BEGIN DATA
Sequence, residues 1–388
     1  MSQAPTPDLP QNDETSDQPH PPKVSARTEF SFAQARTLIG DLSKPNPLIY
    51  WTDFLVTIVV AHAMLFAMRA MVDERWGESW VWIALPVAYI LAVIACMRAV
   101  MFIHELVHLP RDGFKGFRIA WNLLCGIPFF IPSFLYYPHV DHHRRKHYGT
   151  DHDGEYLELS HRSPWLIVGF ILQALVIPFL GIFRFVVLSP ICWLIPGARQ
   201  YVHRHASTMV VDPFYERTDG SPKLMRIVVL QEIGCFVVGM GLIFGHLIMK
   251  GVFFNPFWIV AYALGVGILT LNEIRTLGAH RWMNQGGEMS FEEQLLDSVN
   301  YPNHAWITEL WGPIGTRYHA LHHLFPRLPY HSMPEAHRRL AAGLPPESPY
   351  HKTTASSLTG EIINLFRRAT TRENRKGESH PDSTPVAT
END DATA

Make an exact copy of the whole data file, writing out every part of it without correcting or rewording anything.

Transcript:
Sequence, residues 1–388
     1  MSQAPTPDLP QNDETSDQPH PPKVSARTEF SFAQARTLIG DLSKPNPLIY
    51  WTDFLVTIVV AHAMLFAMRA MVDERWGESW VWIALPVAYI LAVIACMRAV
   101  MFIHELVHLP RDGFKGFRIA WNLLCGIPFF IPSFLYYPHV DHHRRKHYGT
   151  DHDGEYLELS HRSPWLIVGF ILQALVIPFL GIFRFVVLSP ICWLIPGARQ
   201  YVHRHASTMV VDPFYERTDG SPKLMRIVVL QEIGCFVVGM GLIFGHLIMK
   251  GVFFNPFWIV AYALGVGILT LNEIRTLGAH RWMNQGGEMS FEEQLLDSVN
   301  YPNHAWITEL WGPIGTRYHA LHHLFPRLPY HSMPEAHRRL AAGLPPESPY
   351  HKTTASSLTG EIINLFRRAT TRENRKGESH PDSTPVAT